This article discusses “Sundown Towns” in the Midwest and their struggles in finding reconciliation. “These are the stories of ‘sundown towns’ – towns where, black Americans knew, they were not welcome once the sun went down. In some cases, such as Goshen, town brochures boasted of “no negro population” as recently as 1955. In others, such as Pierce City, Mo., the first African-American didn’t graduate from high school until 2003, according to a local historian.”
“Getting communities to learn and address the past is difficult, but vital, says Glisson.
‘Some real damage was done. There’s always the rush to move forward without engaging with the damage from the past. We’ve been good at that for 400 years.’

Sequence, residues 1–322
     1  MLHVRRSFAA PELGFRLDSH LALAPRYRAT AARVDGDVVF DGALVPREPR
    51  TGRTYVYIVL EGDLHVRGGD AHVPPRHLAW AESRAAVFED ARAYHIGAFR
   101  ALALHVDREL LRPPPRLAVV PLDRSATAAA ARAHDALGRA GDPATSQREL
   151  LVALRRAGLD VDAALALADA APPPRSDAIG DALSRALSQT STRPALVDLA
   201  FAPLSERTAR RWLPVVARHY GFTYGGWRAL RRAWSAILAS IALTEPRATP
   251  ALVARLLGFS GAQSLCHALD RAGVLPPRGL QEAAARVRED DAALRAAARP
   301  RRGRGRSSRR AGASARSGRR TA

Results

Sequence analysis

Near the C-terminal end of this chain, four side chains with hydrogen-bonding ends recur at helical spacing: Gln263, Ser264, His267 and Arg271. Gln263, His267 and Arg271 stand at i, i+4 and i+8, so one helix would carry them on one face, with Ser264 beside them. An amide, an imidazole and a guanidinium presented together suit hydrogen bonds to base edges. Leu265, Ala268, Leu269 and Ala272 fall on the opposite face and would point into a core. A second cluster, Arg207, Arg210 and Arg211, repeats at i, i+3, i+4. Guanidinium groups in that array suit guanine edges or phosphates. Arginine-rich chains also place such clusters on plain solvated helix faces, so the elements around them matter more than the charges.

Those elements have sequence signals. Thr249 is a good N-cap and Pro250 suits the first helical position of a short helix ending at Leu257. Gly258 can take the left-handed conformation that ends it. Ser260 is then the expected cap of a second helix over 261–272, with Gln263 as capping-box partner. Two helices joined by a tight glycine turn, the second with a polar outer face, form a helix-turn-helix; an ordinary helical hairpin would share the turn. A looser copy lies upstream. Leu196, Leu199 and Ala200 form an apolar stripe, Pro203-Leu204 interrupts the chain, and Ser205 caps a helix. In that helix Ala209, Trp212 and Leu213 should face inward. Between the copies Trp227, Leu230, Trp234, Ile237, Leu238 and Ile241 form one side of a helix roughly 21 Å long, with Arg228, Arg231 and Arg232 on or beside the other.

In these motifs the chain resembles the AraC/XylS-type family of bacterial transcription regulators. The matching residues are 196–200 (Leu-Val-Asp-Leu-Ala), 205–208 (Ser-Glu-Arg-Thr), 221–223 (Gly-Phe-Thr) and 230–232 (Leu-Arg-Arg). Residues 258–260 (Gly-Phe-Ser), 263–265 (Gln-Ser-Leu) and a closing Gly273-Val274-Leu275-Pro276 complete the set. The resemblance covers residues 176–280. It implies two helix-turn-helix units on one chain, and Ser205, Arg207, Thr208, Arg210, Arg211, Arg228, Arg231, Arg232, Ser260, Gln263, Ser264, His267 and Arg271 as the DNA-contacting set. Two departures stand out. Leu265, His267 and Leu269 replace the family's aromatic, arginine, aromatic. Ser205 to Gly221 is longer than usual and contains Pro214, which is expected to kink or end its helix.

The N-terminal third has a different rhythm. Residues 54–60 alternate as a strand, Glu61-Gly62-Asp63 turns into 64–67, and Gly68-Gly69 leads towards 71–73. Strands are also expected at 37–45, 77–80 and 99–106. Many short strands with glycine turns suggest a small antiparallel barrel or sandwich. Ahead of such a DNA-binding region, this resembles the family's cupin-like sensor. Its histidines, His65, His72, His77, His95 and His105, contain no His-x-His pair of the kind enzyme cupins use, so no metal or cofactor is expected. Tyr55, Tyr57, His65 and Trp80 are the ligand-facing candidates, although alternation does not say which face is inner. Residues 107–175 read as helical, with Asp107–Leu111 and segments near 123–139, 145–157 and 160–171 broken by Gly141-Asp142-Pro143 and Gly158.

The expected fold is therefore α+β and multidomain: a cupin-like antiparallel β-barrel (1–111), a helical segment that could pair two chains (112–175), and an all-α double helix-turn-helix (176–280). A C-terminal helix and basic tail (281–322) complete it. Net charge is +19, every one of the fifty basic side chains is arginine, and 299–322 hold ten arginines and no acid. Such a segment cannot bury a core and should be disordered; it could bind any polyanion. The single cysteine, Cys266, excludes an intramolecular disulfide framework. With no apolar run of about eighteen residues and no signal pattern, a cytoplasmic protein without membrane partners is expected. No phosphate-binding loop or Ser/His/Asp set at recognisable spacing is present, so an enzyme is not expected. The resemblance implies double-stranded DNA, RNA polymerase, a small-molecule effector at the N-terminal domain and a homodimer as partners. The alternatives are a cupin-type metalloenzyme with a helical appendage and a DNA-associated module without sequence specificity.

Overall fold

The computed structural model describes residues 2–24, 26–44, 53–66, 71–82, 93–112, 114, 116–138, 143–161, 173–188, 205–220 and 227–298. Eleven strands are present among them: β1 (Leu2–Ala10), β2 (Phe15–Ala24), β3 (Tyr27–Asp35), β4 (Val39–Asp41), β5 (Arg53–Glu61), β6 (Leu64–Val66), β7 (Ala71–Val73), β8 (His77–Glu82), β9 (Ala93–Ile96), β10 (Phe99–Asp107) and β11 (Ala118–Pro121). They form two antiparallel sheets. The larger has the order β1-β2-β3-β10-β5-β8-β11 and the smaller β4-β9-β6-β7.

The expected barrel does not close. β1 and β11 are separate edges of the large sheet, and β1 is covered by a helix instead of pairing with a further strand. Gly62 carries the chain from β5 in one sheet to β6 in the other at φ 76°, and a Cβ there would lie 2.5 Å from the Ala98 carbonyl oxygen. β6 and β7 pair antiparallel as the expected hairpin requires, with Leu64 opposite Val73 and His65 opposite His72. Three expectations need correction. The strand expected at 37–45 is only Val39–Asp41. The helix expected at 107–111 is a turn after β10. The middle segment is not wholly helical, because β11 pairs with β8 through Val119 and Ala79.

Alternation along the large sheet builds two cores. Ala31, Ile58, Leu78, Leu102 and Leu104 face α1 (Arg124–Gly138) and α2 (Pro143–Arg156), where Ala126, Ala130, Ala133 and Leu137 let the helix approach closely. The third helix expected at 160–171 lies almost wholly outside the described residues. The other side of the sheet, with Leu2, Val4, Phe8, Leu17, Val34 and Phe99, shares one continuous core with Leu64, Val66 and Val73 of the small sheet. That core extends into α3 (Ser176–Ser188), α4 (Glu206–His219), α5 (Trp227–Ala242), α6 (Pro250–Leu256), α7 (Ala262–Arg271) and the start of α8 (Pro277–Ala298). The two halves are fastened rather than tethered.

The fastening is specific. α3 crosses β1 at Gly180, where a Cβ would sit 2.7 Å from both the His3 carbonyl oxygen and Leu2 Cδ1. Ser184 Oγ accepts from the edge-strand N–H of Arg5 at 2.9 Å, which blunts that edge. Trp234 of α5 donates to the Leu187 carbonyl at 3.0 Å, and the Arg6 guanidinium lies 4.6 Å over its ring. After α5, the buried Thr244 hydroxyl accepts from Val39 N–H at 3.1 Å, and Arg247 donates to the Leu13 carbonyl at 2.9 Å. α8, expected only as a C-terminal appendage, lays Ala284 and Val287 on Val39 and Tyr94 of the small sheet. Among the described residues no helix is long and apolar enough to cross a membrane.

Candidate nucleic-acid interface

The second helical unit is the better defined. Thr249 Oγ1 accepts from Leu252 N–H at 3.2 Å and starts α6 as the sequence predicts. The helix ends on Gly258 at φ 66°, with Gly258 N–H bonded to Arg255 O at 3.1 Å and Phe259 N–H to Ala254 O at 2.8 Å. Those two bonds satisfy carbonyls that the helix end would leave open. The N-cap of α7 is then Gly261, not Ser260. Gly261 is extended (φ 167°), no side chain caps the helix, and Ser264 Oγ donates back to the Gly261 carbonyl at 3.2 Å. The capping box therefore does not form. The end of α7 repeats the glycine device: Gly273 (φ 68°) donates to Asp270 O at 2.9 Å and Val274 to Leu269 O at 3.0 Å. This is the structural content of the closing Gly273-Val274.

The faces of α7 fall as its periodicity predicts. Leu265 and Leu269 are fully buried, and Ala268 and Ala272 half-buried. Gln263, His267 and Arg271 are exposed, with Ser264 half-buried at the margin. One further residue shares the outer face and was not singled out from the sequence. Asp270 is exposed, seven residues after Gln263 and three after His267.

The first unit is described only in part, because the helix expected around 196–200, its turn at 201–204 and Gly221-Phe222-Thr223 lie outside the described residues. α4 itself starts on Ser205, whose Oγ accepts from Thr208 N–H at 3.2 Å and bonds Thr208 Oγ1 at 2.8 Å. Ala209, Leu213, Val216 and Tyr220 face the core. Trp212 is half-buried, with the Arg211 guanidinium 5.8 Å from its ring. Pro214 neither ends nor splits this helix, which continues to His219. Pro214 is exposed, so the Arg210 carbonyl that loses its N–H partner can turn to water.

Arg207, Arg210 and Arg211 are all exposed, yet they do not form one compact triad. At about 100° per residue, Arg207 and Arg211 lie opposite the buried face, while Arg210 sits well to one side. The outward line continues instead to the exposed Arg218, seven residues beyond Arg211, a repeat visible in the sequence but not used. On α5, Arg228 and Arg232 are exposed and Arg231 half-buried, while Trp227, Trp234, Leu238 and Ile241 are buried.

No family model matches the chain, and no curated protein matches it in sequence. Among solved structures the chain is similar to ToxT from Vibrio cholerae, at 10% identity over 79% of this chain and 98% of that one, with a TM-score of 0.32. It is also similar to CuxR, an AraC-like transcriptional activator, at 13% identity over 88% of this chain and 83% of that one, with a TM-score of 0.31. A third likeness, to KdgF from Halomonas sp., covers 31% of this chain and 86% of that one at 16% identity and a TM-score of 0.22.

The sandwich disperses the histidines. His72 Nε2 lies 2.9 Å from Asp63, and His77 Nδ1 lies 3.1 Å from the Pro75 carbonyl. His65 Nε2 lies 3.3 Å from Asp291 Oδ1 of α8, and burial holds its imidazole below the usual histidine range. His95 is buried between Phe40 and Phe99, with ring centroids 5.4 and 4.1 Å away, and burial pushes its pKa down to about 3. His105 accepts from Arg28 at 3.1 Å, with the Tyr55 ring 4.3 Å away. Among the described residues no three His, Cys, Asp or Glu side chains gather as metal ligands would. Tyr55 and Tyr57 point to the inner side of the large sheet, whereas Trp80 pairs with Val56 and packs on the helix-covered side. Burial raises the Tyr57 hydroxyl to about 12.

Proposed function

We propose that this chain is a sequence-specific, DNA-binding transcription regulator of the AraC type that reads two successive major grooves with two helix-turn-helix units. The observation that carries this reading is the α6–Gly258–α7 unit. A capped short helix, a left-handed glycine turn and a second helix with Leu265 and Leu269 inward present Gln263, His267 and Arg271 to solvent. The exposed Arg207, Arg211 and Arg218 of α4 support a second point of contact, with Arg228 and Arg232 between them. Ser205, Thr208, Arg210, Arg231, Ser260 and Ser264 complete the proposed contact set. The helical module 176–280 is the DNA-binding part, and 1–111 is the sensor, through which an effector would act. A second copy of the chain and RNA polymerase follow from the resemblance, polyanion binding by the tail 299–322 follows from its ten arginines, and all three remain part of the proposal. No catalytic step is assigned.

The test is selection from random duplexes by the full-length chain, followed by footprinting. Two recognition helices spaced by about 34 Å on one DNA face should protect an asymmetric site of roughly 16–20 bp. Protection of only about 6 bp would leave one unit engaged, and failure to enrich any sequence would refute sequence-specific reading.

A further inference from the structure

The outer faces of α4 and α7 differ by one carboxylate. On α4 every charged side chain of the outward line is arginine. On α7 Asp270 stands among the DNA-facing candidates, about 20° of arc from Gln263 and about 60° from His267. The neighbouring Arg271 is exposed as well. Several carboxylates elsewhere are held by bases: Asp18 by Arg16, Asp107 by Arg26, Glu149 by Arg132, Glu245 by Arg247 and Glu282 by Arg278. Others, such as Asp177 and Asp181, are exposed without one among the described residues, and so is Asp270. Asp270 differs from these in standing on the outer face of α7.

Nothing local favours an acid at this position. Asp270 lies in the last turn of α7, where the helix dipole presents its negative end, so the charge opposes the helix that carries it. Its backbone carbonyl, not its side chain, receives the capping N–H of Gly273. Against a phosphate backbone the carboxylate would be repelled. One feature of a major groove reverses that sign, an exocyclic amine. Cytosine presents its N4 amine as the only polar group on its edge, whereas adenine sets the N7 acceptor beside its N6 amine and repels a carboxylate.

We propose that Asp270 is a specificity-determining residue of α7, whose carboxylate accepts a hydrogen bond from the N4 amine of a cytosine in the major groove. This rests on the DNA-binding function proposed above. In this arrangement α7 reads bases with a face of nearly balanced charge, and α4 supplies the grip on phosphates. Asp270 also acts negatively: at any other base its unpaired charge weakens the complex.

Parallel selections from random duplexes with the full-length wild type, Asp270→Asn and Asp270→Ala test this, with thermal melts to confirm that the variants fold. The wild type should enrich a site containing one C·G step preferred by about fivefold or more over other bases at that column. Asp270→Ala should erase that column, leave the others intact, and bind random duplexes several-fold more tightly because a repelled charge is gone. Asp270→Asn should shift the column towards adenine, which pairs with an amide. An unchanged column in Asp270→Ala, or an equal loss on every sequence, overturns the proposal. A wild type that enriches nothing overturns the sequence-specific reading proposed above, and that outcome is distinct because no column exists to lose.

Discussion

The answer is in building trust, she adds.
‘You have to get people to trust each other to have a difficult conversation. It begins with self-reflection about who we are and the values we hold. And then we begin with historical facts that we’ve inherited. And saying that nobody alive invented racism,” she says. “It’s easier to hear the truth when it’s someone you have a relationship with rather than someone you don’t.’